By Jonathan Yardley
Saturday, October 25, 2008
An occasional series in which The Post's book critic reconsiders notable and/or neglected books from the past.
As originally conceived, today's sermon was to begin along these lines: A first novel is a fragile and vulnerable thing, to be treated with immense kindness because of the stark contrast between the high hopes the author has invested in it and the slender accomplishment the author has pulled off. Then I decided to prowl through my bookshelves, and after a few minutes the first word that passed my lips was: Whoa!
The startling truth is that a considerable number of writers have burst out of the starting gate at full speed. Here are just a few of the first-novel titles I found: "The House of the Spirits," by Isabel Allende; "The Mysteries of Pittsburgh," by Michael Chabon; "Mrs. Bridge," by Evan S. Connell; "A Fan's Notes," by Frederick Exley; "The Painted Bird," by Jerzy Kosinski; "The Golden Gate," by Vikram Seth. . . .
And "Dale Loves Sophie to Death," by Robb Forman Dew. This last is under consideration here, but taken as a whole that's quite a list, and it could be a lot longer had I not whittled it down to books I especially care about. To be sure, not many readers now know some of the other first novels on my shelf -- William Boyd ("A Good Man in Africa"), Don Carpenter ("Hard Rain Falling") and Lynn Freed ("Home Ground") -- either, but take my word for it: They're absolutely first-rate and deserve a much wider readership, though that will be difficult to pull off as only the Boyd is now in print in this country. The Dew, fortunately, also is in print, no small distinction when one considers it was published 27 years ago; presumably this is explained by the modest but intensely loyal following the author has won for this and her six other books, which include a memoir and a book of Thanksgiving recipes, and the National Book Award for First Novel she won in 1982.
"Dale Loves Sophie to Death" was published in April 1981. It was one of the last books I reviewed in my capacity as book editor of the Washington Star before it ceased publication three months later. I knew absolutely nothing about the author, and thus came to the novel not merely without preconceptions but also without unduly high expectations.
What I found surprised and pleased me, and on second reading it pleases me even more. Its subject is domestic life, which always interests me strongly, but the skill, subtlety and sensitivity with which Dew treats it are what really matter. She was in her mid-30s when the novel appeared but clearly was a person of precocious maturity, for in no way does "Dale Loves Sophie to Death" display the callowness or authorial self-infatuation with which so many first novels are afflicted.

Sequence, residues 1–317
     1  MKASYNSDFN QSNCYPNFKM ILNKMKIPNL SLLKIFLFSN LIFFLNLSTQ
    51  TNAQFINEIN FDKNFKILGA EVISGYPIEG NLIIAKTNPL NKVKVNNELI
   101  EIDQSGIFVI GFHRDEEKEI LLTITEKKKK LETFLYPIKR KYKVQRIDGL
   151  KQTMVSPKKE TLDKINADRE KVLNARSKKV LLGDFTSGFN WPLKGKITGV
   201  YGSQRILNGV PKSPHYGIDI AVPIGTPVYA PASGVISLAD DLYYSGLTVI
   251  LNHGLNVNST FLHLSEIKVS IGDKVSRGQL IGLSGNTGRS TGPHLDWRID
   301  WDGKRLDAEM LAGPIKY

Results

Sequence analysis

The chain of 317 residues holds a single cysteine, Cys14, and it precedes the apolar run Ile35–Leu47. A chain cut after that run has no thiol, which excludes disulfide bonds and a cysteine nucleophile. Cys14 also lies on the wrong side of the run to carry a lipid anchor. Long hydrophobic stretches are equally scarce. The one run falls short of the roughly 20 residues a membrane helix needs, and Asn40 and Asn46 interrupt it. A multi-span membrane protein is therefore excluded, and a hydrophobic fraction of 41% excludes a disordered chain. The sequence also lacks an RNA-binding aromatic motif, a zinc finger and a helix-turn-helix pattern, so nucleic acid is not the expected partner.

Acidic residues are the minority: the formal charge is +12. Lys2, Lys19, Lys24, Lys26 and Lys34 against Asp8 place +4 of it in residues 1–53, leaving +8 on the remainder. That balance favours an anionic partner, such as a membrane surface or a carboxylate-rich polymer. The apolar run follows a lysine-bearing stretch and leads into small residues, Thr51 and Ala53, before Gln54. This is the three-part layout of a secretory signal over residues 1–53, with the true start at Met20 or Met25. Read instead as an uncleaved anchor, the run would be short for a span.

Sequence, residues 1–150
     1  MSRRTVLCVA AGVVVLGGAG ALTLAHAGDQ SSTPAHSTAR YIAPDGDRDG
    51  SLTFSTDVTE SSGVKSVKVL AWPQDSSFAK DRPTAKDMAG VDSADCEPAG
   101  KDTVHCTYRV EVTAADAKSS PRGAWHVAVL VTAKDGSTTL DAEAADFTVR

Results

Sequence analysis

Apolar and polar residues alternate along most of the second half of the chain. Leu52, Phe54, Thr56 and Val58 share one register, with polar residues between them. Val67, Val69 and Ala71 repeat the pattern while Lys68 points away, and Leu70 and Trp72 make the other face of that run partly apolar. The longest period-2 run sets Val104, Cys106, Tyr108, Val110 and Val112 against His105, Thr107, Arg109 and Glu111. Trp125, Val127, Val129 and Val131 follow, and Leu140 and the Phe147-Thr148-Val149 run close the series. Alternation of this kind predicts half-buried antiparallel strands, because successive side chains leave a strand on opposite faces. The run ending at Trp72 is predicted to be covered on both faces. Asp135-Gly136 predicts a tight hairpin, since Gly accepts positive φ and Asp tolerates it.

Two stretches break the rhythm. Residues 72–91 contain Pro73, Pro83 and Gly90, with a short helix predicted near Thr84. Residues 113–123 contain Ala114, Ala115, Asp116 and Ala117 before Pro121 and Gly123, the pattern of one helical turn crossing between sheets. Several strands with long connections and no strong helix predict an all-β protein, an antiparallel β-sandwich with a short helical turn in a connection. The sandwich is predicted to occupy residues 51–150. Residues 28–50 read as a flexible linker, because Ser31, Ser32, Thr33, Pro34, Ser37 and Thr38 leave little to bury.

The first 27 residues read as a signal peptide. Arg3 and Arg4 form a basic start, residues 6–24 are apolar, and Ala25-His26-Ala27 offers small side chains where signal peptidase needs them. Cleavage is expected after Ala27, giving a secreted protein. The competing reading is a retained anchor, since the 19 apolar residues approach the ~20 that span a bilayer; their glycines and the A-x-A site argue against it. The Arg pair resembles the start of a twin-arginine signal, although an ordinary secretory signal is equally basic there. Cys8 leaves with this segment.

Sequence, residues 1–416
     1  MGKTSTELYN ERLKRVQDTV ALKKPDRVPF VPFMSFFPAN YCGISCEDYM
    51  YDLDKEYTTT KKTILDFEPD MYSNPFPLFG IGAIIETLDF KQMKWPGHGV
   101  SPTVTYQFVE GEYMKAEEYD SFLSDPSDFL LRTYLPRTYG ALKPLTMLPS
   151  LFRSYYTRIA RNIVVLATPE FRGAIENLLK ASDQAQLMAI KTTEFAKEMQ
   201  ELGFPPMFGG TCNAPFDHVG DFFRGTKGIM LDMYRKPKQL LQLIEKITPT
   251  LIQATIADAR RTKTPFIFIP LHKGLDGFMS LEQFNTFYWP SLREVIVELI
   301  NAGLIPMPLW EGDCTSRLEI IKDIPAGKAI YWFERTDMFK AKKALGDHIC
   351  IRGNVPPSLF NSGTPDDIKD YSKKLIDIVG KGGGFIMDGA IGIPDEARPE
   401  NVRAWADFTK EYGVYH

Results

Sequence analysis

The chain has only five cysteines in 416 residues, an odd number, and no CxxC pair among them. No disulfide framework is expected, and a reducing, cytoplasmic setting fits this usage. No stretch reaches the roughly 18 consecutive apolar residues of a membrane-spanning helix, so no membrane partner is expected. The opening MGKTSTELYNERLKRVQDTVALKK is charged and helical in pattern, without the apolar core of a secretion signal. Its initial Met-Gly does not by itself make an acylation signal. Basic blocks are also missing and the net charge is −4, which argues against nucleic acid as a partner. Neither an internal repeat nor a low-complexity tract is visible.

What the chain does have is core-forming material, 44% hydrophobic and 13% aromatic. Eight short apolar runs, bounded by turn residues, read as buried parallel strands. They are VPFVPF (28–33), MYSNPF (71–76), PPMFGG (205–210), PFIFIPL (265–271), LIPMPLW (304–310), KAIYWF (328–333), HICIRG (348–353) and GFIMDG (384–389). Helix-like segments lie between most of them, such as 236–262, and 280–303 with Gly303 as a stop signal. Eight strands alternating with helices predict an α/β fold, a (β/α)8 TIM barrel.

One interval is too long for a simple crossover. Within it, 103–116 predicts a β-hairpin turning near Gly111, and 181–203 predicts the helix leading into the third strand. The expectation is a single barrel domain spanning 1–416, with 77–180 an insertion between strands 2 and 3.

Dew, closer examination revealed, comes from a distinguished literary background. Her grandfather was John Crowe Ransom, the distinguished Southern poet and critic who was a prominent member of the Fugitive literary group and the agrarian movement, and her godfather was another Fugitive, Robert Penn Warren, the celebrated poet, critic and novelist, the author of "All the King's Men." She was born in Ohio in 1946 but grew up in Louisiana. She is married to Charles Dew, a professor of history at Williams College, and has two grown sons.
Her experiences as wife and mother clearly informed the writing of "Dale Loves Sophie to Death," but there is no reason to assume it is more than incidentally autobiographical. Dinah and Martin Howells live in western Massachusetts, as do Robb and Charles Dew; he, too, teaches at a small liberal arts college; Dinah and Martin have young children (three, in their case), as did the Dews at the time the novel was written. Yet one reason the novel doesn't feel autobiographical to me is that Dinah, the central character, is not an easy person to like, and first novelists are far more likely to build their work around sympathetic protagonists who are stand-ins for themselves.
The story takes places over the course of several weeks during a summer -- sometime during the 1970s -- when, as is her custom, Dinah has taken the children to her home town in rural Ohio. Martin drives them out there but flies back to Massachusetts after two weeks, leaving them to relax in a familiar place with familiar people, including Dinah's mother and father, who are divorced but far from estranged. Dinah and Martin "parted mute with bewildered misery, feeling at once that they were being forced apart, and yet each anxious to be away from the other." These sensations will be familiar, I think, to most people who have had long, essentially happy marriages, for after many years together the need to be apart for a while becomes almost as strong as the need to be together, one of the many complex truths about domesticity that Dew understands and describes clearly.